Supporting ease of change

To make the CBS more amenable to later adjustments, banks can focus on the use of microservices and the ease of integration patterns with front ends.

Carve out functions to microservices. Core banking should be used only for core functionalities, such as storing account information for customers and posting transaction information. Functionalities such as statement generation and mandate management for direct debit should reside within dedicated microservices, reducing the need to customize within the core.

Decouple channel front ends from the CBS. The front ends of many banks and outside connections are often set up through tight coupling or even direct database connections. This approach hinders modern development principles and creates unnecessary dependencies. Replacing existing point-to-point connections with application programming interfaces (APIs), however, can remove dependencies and enable faster and more reliable front-end development.

Sequencing the levers

The sequencing of levers depends upon a bank’s underlying key reasons for undertaking a core banking change in the first place.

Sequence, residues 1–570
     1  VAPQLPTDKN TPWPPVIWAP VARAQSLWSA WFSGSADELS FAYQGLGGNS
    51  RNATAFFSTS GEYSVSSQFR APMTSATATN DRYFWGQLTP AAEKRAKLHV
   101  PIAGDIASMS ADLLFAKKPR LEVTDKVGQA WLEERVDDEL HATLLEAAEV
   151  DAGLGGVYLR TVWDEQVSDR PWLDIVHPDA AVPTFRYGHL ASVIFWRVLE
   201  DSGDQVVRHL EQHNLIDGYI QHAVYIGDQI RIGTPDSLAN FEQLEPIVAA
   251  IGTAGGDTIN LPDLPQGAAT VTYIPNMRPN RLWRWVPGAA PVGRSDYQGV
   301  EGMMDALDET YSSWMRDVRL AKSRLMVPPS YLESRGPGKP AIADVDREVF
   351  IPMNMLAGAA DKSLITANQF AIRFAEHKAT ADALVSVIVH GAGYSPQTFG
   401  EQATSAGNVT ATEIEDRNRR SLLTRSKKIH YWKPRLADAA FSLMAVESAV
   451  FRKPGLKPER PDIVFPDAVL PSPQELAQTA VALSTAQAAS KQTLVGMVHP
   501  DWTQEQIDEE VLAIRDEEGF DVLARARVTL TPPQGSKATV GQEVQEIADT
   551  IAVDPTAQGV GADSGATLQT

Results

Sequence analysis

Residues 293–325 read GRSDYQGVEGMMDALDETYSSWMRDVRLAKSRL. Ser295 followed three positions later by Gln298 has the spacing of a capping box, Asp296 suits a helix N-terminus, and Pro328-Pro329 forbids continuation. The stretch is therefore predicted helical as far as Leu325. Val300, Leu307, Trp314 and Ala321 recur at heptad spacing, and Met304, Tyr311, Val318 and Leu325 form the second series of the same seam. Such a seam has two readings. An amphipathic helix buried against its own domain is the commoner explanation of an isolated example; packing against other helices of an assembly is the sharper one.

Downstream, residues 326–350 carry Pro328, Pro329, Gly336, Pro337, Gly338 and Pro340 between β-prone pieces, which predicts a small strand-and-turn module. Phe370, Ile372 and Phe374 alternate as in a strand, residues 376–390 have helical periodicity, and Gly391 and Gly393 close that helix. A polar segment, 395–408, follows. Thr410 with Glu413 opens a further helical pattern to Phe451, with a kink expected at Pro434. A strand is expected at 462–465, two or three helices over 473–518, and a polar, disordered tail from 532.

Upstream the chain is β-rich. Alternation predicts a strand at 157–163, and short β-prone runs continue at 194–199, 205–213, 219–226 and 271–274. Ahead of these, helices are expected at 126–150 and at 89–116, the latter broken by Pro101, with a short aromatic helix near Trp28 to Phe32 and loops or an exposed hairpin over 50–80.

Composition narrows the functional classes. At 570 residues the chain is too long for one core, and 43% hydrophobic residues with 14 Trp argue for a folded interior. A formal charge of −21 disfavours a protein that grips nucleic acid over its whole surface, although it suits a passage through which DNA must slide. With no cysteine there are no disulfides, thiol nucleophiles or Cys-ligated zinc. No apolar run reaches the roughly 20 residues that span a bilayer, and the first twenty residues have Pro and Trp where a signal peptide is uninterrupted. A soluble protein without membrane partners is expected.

One bank, for instance, wanted to modernize its CBS using several decomposition levers, primarily to ease change. As a result, it prioritized both a full-scale API layer to decouple the channels from the core banking system and dedicated microservices to provide new digital features. To reduce complexity, it moved its core banking customizations to dedicated microservices and separately pushed all operational and regulatory reporting to its data warehouse. These efforts helped reduce the time needed for the CBS modernization from around four years to two, while revamping its digital channels in parallel.

Modernizing the CBS produces a nimbler CBS, making it easier for business functions to access critical data, effect faster pricing changes, and develop innovative propositions to meet current and future customer needs.

This post is part of a series based on a recent article that discusses common antipatterns in technology transformations and how to avoid them.

Supratim Ghose is an expert in McKinsey’s London office, and Henning Soller is a partner in the Frankfurt office.